Chicago 21 Plan

From Wikipedia, the free encyclopedia
Jump to: navigation, search

The Chicago 21 Plan was a comprehensive development plan released in 1973 intended to revitalize the areas surrounding the Chicago Loop, Chicago's central business district. The 125-page document, subtitled "A Plan for the Central Area Communities" was published by the Chicago 21 Corporation, which was made up of members of the Chicago Central Area Committee (CCAC), founded by some of Chicago's most influential business and civic leaders.

The cornerstone of the Chicago 21 Plan was the proposed creation of a new residential neighborhood in the 600 acres (2.4 km2) of unused railroad yard bordered by the Loop to its north and the Chicago River to its west. The CCAC and Chicago's business and civic leaders praised the Chicago 21 Plan as a bold initiative to stave off middle-class white flight to the surrounding suburbs and revitalize a city hit hard by declines in manufacturing and industrial employment following World War II.

Opponents of Chicago 21, however, charged the CCAC with trying to create a fortress-like moat around the important Loop businesses, pushing the poorer residents of the central-areas to outlying neighborhoods. These low-income residents created the Coalition of Central Area Communities to fight for a community voice in the planning process. Spurned in their efforts, they eventually changed their name to the Coalition to Stop Chicago 21. Over the following decades, the CCAC played a powerful role in Chicago's real estate development, while representatives of low-income members of central area communities (Pilsen and Cabrini–Green), asked for a louder voice in the planning process.

Historical Context[edit]

When Richard J. Daley was elected mayor of Chicago in 1955, he inherited a city dealing with the issues facing many urban American centers - mainly a decline in manufacturing and industrial jobs and the exodus of middle-class white residents to the outlying suburbs. This "white flight" was prevalent especially in Chicago's West Town neighborhood, where the white population decreased from 98% to 55% from 1960 to 1980.[1] Daley focused his efforts on revitalizing the downtown areas. In 1958, the Department of City Planning issued the Development Plan for the Central Area of Chicago. The plan called for a University of Illinois campus south of the Loop, the creation of McCormick Place as a convention center and several federal buildings and plazas in the North Loop.[2]

As his term as Mayor progressed, Richard J. Daley's planning and development staff was continuing to create a relationship between City Hall and the downtown business community, mainly the CCAC. The city was losing its manufacturing jobs and this new coalition saw the only way to revitalize Chicago was to cater to commercial growth in the Loop. The consequence of this philosophy was stated by one long-time journalist as "Mayor Daley was totally focused on the downtown; he was so focused that Chicago's neighborhoods went to hell."[3]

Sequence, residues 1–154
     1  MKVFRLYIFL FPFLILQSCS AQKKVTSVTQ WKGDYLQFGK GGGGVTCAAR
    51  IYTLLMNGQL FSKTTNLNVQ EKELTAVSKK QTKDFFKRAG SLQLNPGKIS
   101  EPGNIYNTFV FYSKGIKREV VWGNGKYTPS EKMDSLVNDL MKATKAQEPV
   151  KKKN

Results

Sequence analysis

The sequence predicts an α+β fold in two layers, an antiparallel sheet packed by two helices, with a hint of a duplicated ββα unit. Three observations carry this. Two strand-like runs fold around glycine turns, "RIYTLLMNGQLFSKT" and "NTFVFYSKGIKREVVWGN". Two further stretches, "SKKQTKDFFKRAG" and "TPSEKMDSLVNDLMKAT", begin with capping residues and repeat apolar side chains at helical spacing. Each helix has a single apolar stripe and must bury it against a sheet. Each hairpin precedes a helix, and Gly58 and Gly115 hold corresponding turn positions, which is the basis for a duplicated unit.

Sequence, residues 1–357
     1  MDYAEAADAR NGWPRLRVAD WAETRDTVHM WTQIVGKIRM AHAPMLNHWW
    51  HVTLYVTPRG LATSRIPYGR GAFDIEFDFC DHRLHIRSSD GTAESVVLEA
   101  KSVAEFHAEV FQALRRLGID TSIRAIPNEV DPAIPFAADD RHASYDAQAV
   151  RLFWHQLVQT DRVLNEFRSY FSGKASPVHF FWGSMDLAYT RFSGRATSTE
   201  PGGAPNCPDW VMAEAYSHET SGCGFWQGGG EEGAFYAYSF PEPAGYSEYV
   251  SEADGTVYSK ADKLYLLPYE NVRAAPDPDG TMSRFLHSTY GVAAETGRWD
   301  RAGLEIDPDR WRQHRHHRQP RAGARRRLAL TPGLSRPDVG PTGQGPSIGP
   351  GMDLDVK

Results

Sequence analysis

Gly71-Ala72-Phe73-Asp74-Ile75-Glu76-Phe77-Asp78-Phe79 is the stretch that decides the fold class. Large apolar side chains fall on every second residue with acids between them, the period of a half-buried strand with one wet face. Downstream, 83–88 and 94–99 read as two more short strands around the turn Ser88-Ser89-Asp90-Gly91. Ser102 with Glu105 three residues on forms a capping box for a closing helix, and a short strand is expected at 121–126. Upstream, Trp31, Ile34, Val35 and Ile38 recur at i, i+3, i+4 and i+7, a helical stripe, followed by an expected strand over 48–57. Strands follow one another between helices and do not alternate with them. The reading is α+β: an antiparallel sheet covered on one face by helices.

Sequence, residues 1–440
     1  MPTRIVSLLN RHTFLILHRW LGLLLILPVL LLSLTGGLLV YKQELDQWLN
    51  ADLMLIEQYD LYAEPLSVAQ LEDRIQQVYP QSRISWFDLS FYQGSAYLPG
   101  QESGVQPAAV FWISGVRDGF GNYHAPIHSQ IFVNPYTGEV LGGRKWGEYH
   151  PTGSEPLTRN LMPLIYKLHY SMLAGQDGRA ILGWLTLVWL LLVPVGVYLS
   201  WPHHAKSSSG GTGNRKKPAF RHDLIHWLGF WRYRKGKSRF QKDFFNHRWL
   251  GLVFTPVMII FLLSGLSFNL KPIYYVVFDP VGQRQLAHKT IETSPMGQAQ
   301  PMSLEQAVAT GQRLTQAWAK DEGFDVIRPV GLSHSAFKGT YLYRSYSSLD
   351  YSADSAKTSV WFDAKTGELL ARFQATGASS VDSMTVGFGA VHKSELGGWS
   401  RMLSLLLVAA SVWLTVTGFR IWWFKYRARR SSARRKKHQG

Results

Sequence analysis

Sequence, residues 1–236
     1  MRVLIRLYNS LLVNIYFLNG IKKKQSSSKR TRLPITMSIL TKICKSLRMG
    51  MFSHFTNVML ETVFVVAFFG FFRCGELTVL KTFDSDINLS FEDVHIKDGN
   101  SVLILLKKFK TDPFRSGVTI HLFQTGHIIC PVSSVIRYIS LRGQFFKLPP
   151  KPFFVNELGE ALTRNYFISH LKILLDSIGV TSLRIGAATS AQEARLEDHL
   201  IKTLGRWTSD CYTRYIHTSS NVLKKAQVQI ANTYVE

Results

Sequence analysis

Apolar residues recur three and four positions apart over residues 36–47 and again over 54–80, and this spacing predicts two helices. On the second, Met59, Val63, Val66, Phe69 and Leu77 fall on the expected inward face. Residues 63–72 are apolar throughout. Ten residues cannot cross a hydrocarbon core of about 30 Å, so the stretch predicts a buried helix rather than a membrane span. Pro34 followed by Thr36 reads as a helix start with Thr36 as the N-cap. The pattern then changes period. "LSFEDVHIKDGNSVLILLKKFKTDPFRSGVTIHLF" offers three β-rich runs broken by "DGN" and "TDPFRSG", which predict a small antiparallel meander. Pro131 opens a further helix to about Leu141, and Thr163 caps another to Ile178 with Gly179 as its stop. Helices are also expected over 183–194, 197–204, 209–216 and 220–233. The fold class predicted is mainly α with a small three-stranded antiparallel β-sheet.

Cautious of the feelings of many in the city's white population about racial mixing, the majority of the public housing built between 1946 and 1976 was contained in the 6-mile (9.7 km) square area of the South Loop which was almost an exclusively African-American neighborhood.[3] "Overcrowding caused living conditions in the black ghetto to deteriorate rapidly during the 1950s and 1960s."[2] Fearing this deteriorating community's proximity to the downtown business district, the CCAC sought for a way to essentially create a moat between the two. Real estate developer Arthur Rubloff was quoted by the Chicago Daily News as saying that "I'll tell you what's wrong with the Loop. It's people's perception of it. And the perception they have about it is one word - B-L-A-C-K. We have a racial problem we haven't been able to solve. The ghetto areas have nothing but rotten slum buildings, nothing at all, and businessmen are afraid to move in, so the blacks come downtown for stores and restaurants.[citation needed] The CCAC decided that the solution lay in the unused rail yards existing just south of the Loop.

CCAC, the Chicago 21 Plan, and the Creation of the Dearborn Park Neighborhood[edit]

Three of Chicago's most influential business leaders, Gordon M. Metcalf, then CEO of Sears, Roebuck and Co., Donald M. Graham, CEO of Continental Illinois National Bank and Trust Co. of Chicago (then the biggest employer in the downtown area) and Thomas G. Ayers, President of Commonwealth Edison Company, were the brain trust behind the idea of turning 600 blighted, abandoned acres of train yards located behind the old Dearborn Station on Polk Street into a mixed-income community of 120,000 people. If the CCAC could develop this land and populate it with the right people, it could essentially "protect" the Loop from the low-income African-American Communities along State St.[4]

From 1970 to 1973, the CCAC convinced numerous investors to support their plan and together, they created the Chicago 21 Corporation and drafted the Chicago 21 Plan: A Plan for the Central Area Communities, which was made public in 1973. The "21", of course, was in reference to the plan's desire to usher Chicago into the 21st century. the central areas of Chicago would be transformed from a struggling manufacturing center to residencies and office space for downtown companies. Mayor Daley was presented with the Plan and immediately took to the idea - the city would get an up-to-date development plan for the central areas with the built-in support of the business community and they wouldn't have to pay for it. City Hall would not, however, use its bonding power with public money to purchase the land from the railroad, as the Chicago 21 Corp. originally hoped.[4]